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From human resources to human beings: managing people at work

Yochanan Altman
he economic upheaval engulng the world, the worst since the Great Depression, not only sends shockwaves of uncertainty about our nancial future (whether as individuals or nations), but it also presents us with an opportunity to rethink some fundamentals of economic theory and of management.

Yochanan Altman is Professor of International Human Resource Management at London Metropolitan University, London, UK.

None of the superior companies paraded in best-selling books like In Search of Excellence and Good to Great has managed to outlive the success of the books in which they are depicted. In other words, we do not have recipes on how to manage organizations, or their various assets, successfully in long term. Management is at best guesswork, and conceding this may be the rst step to renewed economic prosperity. The collapse of nancial markets has brought home another truth: the ecological, social and human risks of the relentless drive to maximize prot at all costs. Here I am concerned with what many enterprises herald in their mission statements as their most valued asset: the people who work for them. The problem is encapsulated by the term human resources. Resources may be justiably exploited. Even those who advocate their development and betterment ultimately intend to harvest their investment. The term denes the organizations goal nding ways of maximizing peoples productivity, that is, how to select the best people (best for what?) how to motivate people to work ever harder (to what end?) how to empower people to assume more responsibility (who benets?) and how to socialize them into good organizational citizens (on whose values?) All this is achieved by normalizing high expectations, offering hefty bonuses to achievers, and getting rid of the losers. The stress is on specied, targeted outcomes. The organization often has little interest in these human resources as people that is, as human beings. Indeed, the latest term commonly deployed, talent, refers but to a rudimentary aspect of their essential humanity. What do we really know about the people who work with and for us? Have you ever wondered whether the cleaner who empties your ofce bin and wipes the dust off your executive chair enjoys a fair wage, is protected by the law, has access to medical care? Have you given more than a passing thought to the armies of illegal and semi-legal chambermaids, bar attendants, nannies, construction workers and taxi drivers that service cities like New York, Buenos Aires and London? Our challenge, as a society, as a company, as individuals, is to bring these unaccounted millions into the realm of legality and human rights, into the formal economy and civic society, in the years to come. Have you ever wondered what your subordinates are really passionate about, aspire to, and dream of? Are they given the opportunity to voice their views of life and the world and manifest their beliefs at work?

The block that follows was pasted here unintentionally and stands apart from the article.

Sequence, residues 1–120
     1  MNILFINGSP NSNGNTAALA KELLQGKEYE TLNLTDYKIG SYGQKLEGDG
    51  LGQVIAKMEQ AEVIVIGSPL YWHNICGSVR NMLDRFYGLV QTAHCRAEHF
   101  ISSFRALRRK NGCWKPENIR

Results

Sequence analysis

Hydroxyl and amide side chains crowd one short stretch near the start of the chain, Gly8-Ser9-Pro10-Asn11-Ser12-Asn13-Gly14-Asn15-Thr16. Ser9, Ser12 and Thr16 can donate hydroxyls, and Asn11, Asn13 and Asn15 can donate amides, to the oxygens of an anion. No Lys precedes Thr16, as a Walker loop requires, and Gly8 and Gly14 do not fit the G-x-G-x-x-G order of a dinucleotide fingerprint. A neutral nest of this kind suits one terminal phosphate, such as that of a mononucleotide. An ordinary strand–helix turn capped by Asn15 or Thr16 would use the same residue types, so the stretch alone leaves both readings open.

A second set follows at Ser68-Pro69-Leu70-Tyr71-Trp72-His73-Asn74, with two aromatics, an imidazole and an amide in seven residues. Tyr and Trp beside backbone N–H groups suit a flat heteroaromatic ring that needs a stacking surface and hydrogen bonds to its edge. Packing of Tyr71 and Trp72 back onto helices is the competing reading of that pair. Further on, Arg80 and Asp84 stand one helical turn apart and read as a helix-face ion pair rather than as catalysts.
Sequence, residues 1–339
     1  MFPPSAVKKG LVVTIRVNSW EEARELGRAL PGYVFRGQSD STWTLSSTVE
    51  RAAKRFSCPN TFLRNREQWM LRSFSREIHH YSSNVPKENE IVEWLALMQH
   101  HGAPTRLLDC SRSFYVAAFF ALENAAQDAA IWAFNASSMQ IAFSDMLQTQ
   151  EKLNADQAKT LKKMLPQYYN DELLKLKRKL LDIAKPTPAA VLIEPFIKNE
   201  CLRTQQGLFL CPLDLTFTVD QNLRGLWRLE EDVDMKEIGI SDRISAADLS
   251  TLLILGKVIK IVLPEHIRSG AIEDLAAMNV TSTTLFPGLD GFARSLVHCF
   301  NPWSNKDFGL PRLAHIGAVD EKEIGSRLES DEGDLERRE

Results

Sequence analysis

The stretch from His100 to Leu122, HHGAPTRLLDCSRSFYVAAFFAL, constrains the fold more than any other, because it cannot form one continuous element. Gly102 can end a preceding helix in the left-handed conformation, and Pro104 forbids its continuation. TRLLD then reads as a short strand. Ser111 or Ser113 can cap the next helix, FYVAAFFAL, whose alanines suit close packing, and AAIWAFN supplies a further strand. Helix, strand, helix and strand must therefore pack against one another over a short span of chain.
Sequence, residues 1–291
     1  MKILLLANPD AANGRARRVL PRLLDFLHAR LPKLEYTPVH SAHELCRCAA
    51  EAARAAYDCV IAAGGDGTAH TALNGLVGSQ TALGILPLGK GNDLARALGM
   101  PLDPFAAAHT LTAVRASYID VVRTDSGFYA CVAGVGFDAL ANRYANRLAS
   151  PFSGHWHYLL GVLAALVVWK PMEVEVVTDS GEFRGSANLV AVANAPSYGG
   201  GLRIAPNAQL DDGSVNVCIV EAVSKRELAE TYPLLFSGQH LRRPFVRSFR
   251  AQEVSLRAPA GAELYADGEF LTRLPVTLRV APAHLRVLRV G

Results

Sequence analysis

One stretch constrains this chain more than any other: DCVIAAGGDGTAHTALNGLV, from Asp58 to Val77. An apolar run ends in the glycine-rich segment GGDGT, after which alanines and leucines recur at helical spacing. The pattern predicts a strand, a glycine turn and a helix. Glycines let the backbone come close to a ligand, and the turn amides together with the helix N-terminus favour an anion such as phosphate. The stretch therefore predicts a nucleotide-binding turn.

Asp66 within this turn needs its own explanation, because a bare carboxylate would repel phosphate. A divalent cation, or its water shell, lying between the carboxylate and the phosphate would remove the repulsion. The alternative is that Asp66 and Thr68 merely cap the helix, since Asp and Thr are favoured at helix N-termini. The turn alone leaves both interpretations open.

Copyright Yochanan Altman

The quest for meaning and authenticity is the deepest and strongest motivator more than money or title. Helping people to fulll their destinies in life through meaningful work is what

DOI 10.1108/09670730910996464

VOL. 17 NO. 7 2009, pp. 3-4, Emerald Group Publishing Limited, ISSN 0967-0734



should drive organizations to excel. Opening up to the uniqueness of each person, acknowledging and celebrating his or her individuality and supporting the expression of his or her life story is what will make organizations great. The future of our organizations public and private, in manufacturing, nance, energy, construction and services, small and large depends on engaging all the people who are capable of making a contribution. The competitive advantage of our organizations hinges on successfully championing the rights, needs, aspirations and dreams of each and every person that they are privileged to manage.

Yochanan Altman is Professor of International Human Resource Management at the London Metropolitan University Business School, and Visiting Professor with CIFFOP, the University of Paris II. He is founding editor of the Journal of Management, Spirituality & Religion ( and can be contacted at:


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